Though most first-time remodelers want to make sure they do everything the right way the first time, they’re bound to overlook something important enough to make them go back and redo the job they thought they had completed. This, of course, costs time and money. Here are the five mistakes that first time remodelers tend to make:
Overlooking the Building Codes
It’s crucial that a remodel be done according to the local building codes. Some of these codes may seem fiddly to a homeowner. One type of code may require that fluorescent lights be put in the kitchen or that insulation for the attic have a certain R value or that a certain energy efficient glass be put in the windows. However, these codes are there for the safety of the family, the house and even the neighborhood. If work is out of code, the inspector will insist that it be done over until it complies with code. Remodeling can’t continue until the problem is fixed.
Though a first-time remodeler might have budgeted every item down to the last penny, delays and glitches are inevitable. It’s a good idea to add at least 20 percent on to what seems to be the final budget just to cover emergencies and wholly unforeseen expenses.
Forgetting to Turn Off the Utilities
It’s not enough to switch off a lamp or close a faucet. Water, gas and electricity need to be turned off at the source before work begins. This means turning off the electricity at the circuit box or finding the main water or gas valve in the house and turning it off. Not doing so can lead to a mess or worse.
Cutting Through Pipes or Electrical Wires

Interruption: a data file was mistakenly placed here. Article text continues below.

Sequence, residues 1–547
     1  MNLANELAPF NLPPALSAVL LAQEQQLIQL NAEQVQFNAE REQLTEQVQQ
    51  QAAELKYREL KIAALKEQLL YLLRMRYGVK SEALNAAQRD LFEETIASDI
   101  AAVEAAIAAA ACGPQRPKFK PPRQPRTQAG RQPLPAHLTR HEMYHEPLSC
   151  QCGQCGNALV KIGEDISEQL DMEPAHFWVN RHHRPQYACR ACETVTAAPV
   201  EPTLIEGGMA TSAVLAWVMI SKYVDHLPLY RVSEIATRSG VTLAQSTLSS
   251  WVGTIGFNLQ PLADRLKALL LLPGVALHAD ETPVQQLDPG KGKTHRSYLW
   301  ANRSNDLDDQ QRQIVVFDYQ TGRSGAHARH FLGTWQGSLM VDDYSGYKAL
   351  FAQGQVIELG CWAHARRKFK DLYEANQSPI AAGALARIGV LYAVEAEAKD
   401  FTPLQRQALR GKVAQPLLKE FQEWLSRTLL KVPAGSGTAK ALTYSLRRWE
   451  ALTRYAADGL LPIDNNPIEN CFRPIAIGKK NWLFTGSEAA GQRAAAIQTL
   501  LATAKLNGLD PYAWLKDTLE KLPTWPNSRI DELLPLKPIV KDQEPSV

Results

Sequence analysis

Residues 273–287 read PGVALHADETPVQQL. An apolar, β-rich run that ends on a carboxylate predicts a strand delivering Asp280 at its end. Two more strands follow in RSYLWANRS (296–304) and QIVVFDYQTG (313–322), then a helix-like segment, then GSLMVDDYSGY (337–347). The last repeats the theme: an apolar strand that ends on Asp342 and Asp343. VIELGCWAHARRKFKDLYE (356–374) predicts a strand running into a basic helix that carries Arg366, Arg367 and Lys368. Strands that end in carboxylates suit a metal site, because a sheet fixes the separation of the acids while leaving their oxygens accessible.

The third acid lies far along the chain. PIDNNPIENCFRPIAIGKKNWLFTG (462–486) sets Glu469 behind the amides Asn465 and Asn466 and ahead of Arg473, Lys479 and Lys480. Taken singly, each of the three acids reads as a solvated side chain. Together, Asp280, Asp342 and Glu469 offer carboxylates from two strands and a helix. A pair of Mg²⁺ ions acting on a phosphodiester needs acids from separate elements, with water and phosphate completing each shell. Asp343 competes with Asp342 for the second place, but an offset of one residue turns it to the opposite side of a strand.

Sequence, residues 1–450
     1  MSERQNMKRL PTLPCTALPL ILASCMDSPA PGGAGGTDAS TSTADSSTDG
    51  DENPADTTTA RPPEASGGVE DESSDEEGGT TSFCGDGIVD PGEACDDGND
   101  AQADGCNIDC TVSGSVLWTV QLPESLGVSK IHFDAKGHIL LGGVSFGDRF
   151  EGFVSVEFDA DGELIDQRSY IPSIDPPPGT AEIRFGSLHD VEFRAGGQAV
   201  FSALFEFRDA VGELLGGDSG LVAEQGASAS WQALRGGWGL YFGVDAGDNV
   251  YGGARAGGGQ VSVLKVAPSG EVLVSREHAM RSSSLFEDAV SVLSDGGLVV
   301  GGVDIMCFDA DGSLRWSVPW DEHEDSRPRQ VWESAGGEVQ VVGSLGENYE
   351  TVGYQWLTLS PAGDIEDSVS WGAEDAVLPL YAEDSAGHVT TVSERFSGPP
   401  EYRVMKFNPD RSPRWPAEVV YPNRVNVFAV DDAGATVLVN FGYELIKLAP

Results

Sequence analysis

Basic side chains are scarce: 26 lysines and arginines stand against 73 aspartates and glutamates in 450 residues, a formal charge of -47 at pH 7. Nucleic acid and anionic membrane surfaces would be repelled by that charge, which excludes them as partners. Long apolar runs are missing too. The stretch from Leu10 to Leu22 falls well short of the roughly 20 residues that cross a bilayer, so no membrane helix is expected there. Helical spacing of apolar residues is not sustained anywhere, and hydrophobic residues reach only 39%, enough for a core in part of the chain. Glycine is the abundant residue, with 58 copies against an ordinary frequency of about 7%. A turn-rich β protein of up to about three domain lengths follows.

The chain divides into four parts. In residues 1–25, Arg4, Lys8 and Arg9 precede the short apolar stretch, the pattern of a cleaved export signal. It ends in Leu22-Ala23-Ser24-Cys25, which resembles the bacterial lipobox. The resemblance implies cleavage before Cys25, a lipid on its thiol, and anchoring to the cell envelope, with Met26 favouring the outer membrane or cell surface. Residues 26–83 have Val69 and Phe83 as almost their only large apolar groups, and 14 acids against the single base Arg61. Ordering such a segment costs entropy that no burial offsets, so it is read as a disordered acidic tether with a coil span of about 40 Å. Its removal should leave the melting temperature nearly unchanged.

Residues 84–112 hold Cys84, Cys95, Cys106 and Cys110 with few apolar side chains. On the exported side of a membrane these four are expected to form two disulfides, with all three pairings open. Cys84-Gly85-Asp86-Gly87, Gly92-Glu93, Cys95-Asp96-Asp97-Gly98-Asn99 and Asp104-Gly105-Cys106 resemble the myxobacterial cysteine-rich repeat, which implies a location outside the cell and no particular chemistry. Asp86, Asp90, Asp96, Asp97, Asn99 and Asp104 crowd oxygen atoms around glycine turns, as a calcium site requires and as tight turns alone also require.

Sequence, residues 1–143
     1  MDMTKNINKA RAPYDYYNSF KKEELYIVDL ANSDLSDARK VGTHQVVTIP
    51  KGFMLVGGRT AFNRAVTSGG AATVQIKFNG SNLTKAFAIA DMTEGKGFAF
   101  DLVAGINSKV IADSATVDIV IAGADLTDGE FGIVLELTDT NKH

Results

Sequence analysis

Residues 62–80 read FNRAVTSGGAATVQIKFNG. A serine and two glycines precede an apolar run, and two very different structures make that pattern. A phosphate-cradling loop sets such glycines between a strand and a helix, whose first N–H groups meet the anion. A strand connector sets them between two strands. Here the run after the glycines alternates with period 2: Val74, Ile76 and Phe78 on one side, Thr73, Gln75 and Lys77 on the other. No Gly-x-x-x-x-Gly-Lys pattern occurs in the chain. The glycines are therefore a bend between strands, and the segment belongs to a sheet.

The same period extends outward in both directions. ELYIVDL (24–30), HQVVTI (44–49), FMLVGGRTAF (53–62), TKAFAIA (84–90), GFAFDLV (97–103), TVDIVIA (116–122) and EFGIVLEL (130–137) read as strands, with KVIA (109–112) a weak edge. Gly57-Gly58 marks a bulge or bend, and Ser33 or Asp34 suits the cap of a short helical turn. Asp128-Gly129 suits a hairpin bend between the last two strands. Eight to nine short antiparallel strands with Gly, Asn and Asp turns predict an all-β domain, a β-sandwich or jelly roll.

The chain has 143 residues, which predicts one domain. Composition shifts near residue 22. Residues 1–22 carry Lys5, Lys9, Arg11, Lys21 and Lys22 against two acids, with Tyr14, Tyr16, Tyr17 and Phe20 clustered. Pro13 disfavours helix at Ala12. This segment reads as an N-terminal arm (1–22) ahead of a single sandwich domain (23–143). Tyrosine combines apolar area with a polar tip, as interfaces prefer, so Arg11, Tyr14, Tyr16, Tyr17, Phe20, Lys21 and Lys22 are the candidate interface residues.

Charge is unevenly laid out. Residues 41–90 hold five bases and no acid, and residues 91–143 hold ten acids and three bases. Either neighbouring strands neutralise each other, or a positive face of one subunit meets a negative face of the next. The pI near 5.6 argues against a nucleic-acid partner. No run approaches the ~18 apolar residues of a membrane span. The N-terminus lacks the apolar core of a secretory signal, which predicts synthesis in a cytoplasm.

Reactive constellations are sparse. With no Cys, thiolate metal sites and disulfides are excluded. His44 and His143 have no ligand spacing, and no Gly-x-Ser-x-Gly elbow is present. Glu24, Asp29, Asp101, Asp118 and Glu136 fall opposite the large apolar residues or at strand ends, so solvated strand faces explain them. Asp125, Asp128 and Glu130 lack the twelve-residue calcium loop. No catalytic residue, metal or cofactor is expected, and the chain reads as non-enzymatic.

This is one of the reasons why utilities need to be cut off before work begins on a remodel. But this can be avoided if the homeowner knows what is behind his or her walls and what’s in his or her ceiling. Ideally, there should be blueprints and charts showing the remodeler where all the wires and pipes are in the home so that they can be avoided. Repairing pipes and wires that have been cut or breached can be expensive. The work of repairing them will at least hold up the overall work of the remodeling.
Taking Down a Load Bearing Wall
Whether you’re buying a home or are currently a homeowner, you should know where the wires and pipes are. He or she also needs to know what walls bear loads and what walls don’t. Taking out a load bearing wall will make that part of the house unstable at the very least. If a load bearing wall needs to be taken out, the remodeler will need to put studs or other structures in place to take up the load that the wall had to bear. Overall, it’s a good idea to leave a load bearing wall alone unless it absolutely must come out.
Keeping these often forgettable things in mind can go a long way to making a remodeling job less stressful.
Mike ThomasBio: Mike Thomas is a writer for homewarrantydeals.com. He is a contractor and home improvement expert with more than 20 years of experience.